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The Canadiens benefitted from a more sensible approach to the forecheck

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Controlled entries are usually the goal, but with the Leafs taking those away, Montreal made good use of targeted dump-ins.

NHL: MAY 27 Stanley Cup Playoffs First Round - Canadiens at Maple Leafs Photo by Gerry Angus/Icon Sportswire via Getty Images

We shouldn’t pretend that the Montreal Canadiens’ Game 5 was a great systematic performance. The team broke down multiple times defensively only to be saved by last-second, desperate interceptions, many coming off the stick of Nick Suzuki and an elite performance from the team’s unquestionable MVP, Carey Price.

That being said, the Canadiens’ improved forecheck made a big difference in this game. It created at least two of the three goals. Especially in the first period, and specifically the first 10 minutes, the team pressed the Toronto Male Leafs both with urgency and in a structured manner. They left the opposition with no good option.

This is the key to victory for Montreal. They can’t match their opponent skill for skill. They can’t match them in their offensive zone flow, and they seemingly can’t match their transition efficiency. But at times, they can force their opponents into mistakes.

Ideally, the puck should enter the offensive zone in a controlled way. An attacker should be able to carry it across the blue line and then change speed to make a play inside, but that has seldom happened for Montreal. Even if their transition data was better in Game 5 — Erik Gustafsson, especially, made a surprisingly positive impact on breakouts — most of their best offensive-zone sequences came off targeted dump-ins.

The next best thing when a controlled zone entry proves impossible, when a Habs attacker lacks speed or support, is to place the puck in an area where you know you can get it back. Sometimes, the defensive scamble created by a timely steal in the middle of the offensive end creates an even better scoring chance than a controlled zone entry.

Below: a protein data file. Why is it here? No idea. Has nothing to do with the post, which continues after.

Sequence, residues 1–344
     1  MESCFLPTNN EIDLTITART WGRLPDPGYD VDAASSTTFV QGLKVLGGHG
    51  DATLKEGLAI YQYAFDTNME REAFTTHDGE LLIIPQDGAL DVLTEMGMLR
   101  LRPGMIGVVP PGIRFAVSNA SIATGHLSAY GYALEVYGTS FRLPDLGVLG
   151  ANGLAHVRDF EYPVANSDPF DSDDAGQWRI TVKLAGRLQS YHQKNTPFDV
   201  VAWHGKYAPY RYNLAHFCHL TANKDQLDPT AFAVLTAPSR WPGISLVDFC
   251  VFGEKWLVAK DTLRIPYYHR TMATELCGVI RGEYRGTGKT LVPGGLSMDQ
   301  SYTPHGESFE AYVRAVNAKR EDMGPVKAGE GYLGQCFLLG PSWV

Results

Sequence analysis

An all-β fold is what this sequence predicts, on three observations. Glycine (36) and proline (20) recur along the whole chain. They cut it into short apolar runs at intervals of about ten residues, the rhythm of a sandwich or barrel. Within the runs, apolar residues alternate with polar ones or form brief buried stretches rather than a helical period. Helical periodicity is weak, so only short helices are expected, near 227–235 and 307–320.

We saw that on the first goal.

I am not sure how much Joel Armia thought about his puck placement and route on his dump-in on the first goal, but his choices of play were pretty clever in hindsight. As he approached the Leafs’ end, he skated in through right defenceman Zach Bogosian’s corridor, challenging the defender, and then lobbed the puck past him. Armia’s rush pattern forced Rasmus Sandin to take care of the retrieval. Sandin turned and skated toward the puck and saw Armia in close pursuit.

The winger skated toward the net to prevent Sandin from making a protective turn behind it. That course forced the young defenceman to take the puck on his backhand and curl up the boards.

In general, players try to avoid making plays on their backhand face. When handling that way, their shoulder and head usually drop, limiting manoeuvrability and vision.

Armia’s forechecking angle put Sandin into a difficult situation and he should have gotten rid of the puck. This was a moment to forfeit a play and go glass-and-out, but maybe due to inexperience or the pressure of the playoffs, he kept possession a second too long. Corey Perry, sensing vulnerability, stepped up for a hit. The puck squirted loose and Armia scored.

Look how tight Montreal’s 1-2-2 forechecking formation is in the picture above. Toronto likes to break out as a group more often than not, but they have no time and no space to do so here. Every Habs player is in the right place at the right time.

So maybe the Habs didn’t play a great system game for 60 minutes (no team is capable of that), but they had some great sequences at least, the kind you can build on for Game 6.

The lesson Montreal should take from Game 5 is that to score against the Leafs, it is not about creating an open, chaotic game all over the ice. The Leafs would come out ahead in such a contest. Instead it’s about generating that chaos in Toronto’s end of the ice. When all controlled plays fail, there remains a weapon: the targetted dump-in. If planned right and executed perfectly, with the participation of all three forwards on the ice, that chip can explode the opposition’s defensive structure and reveal openings.